3. Prepare an emergency kit with food, water, and essential documents.
  4. Stay indoors during extreme weather events and avoid windows.
  5. Be cautious while driving during flash floods, and find an alternate route if roads are flooded.

Cost of Living

When considering relocating to Dallas, it’s essential to understand how the cost of living compares to other major cities in the United States. While Dallas may not be as affordable as the nearby Houston, it’s significantly more budget-friendly than high-cost cities like New York City and San Francisco. Let’s dive into some key expenses you’ll encounter living in Dallas.


Although housing is one of the most significant expenses for any city dweller, Dallas offers much more affordable options than some major U.S. cities such as New York and San Francisco. The median home price in Dallas is around $300,733, while the median rent for a one-bedroom apartment in the city center is approximately $1,233 monthly. 

In comparison, San Francisco’s median cost for a home is $1,238,021 and $3,600 for an apartment, while New York’s median cost is $622,026 for a home and $3,400 for an apartment. A clear and stark difference.


Getting around Dallas can be relatively inexpensive, especially when using public transportation. The Dallas Area Rapid Transit (DART) offers bus and light rail services with a monthly pass costing $96 for unlimited rides. If you prefer driving, gas prices in Dallas (around $2.90 per gallon) are lower than the national average ($3.51 per gallon). However, remember that Dallas is a sprawling city, so commuting times can be longer, which may impact your transportation costs.


Dallas has a diverse food scene, ranging from affordable Tex-Mex joints to high-end dining establishments. On average, you can expect to spend about $10-$15 for a meal at a mid-range restaurant. 

Groceries in Dallas are generally on par with the national average. Still, you can find ways to save by shopping at discount grocery stores or local farmers’ markets.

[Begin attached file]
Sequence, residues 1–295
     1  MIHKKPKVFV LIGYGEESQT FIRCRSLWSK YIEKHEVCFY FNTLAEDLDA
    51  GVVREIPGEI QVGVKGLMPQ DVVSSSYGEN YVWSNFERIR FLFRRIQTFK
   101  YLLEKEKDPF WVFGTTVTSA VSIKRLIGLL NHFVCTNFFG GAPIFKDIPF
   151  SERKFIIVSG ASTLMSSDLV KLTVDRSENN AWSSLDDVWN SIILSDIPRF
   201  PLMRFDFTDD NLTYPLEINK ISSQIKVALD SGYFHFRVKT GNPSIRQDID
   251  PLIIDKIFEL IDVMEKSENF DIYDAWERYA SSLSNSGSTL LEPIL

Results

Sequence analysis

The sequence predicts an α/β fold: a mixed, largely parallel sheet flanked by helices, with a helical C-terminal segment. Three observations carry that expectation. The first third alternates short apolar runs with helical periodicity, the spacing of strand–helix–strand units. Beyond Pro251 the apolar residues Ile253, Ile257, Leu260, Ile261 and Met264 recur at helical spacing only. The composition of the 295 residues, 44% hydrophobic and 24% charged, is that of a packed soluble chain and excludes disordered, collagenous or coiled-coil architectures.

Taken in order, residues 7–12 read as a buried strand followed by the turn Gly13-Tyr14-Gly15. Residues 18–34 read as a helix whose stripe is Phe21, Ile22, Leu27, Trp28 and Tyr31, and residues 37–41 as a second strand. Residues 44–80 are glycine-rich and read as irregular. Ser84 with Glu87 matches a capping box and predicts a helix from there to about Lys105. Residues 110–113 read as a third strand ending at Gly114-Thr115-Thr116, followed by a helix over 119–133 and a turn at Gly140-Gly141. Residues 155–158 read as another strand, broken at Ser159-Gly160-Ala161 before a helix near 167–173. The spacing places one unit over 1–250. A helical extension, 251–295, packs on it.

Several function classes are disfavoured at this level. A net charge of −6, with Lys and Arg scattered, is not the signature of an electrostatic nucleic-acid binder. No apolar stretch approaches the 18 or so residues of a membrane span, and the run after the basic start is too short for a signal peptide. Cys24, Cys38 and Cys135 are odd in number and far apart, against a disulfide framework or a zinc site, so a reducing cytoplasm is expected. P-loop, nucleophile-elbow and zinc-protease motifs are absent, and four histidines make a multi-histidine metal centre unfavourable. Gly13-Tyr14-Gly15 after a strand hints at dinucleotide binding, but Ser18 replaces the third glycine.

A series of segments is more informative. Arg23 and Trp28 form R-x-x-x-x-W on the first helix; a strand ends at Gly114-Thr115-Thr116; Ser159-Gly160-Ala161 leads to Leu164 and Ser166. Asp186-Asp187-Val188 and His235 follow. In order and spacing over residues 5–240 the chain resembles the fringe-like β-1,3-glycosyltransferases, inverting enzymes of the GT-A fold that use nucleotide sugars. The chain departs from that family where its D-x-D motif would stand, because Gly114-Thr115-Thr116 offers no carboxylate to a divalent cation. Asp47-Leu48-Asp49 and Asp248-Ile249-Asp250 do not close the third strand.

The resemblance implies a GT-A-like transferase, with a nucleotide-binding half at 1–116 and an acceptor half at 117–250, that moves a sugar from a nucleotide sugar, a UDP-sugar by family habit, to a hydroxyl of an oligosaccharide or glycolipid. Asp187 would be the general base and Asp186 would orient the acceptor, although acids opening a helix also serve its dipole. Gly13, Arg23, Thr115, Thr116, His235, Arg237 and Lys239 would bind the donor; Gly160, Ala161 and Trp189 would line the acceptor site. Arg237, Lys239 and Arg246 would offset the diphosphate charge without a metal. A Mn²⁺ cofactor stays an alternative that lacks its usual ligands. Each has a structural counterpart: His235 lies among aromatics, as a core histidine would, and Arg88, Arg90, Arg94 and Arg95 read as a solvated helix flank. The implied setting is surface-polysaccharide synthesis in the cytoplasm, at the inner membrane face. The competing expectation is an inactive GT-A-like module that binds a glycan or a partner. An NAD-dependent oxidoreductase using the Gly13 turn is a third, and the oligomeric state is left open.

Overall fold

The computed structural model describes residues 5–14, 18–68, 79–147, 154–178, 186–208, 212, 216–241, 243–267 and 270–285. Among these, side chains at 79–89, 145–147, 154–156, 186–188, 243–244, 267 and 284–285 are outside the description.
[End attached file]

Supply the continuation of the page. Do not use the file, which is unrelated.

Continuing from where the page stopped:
Public Transportation

Navigating around Dallas is easier thanks to its extensive public transportation system. Let’s explore the various options available to help you choose the most suitable mode of transportation for your needs.


Operated by Dallas Area Rapid Transit (DART), the bus system is extensive and serves many areas throughout the city.

  • Pros: Affordable, with a single ride costing $2.50 and a day pass costing $600; ADA accessible.
  • Cons: Can be slower during peak hours due to traffic congestion; may require multiple transfers to reach your destination.

Light Rail

DART’s light rail system consists of four lines (Red, Blue, Green, and Orange) that cover 93 square miles and serve 64 stations.

  • Pros: Fast and efficient, avoiding traffic congestion; affordable, with the same fare structure as buses.
  • Cons: Limited coverage, mainly serving the city center and immediate suburbs; may require additional transportation to reach your final destination.

Commuter Trains

The Trinity Railway Express (TRE) connects Dallas to Fort Worth and several other suburbs, while the Denton County Transportation Authority (DCTA) operates the A-train between Denton and Carrollton.

  • Pros: Faster and more comfortable for longer distances; affordable, with a TRE day pass costing $5.00 and a DCTA day pass priced at $3.00.
  • Cons: Limited service hours and frequency; not convenient for everyday use within the city.

Job Market

The job market in Dallas is thriving, fueled by a diverse range of industries and employers. In this section, we’ll delve into the major industries and employers, discuss job prospects and salaries, and provide some tips for job seekers looking to make their mark in the Dallas job market.

Major Industries and Employers

Dallas has several prominent industries, including energy, healthcare, and aerospace. In the energy sector, top employers include Exxon Mobil, Energy Transfer Partners, and Atmos Energy. The healthcare industry is represented by major players such as Baylor Scott & White Health, Texas Health Resources, and UT Southwestern Medical Center. 

Meanwhile, the aerospace industry is dominated by companies like Lockheed Martin, Raytheon Technologies, and Bell.

Job Prospects and Salaries

Besides the significant job sectors, Dallas offers diverse employment opportunities and job growth across various industries. Some high-paying jobs and their salary ranges include:

  • Finance: Financial analysts earn an average salary of $73,000 to $101,000 annually, while investment bankers earn up to $114,000.
  • Technology: Software developers can earn an average salary of $95,000 to $148,000 annually, depending on their experience and skills.
  • Healthcare: Dental hygienists earn an average salary of $90,000 to $118,000 annually, while physical therapists earn up to $105,000.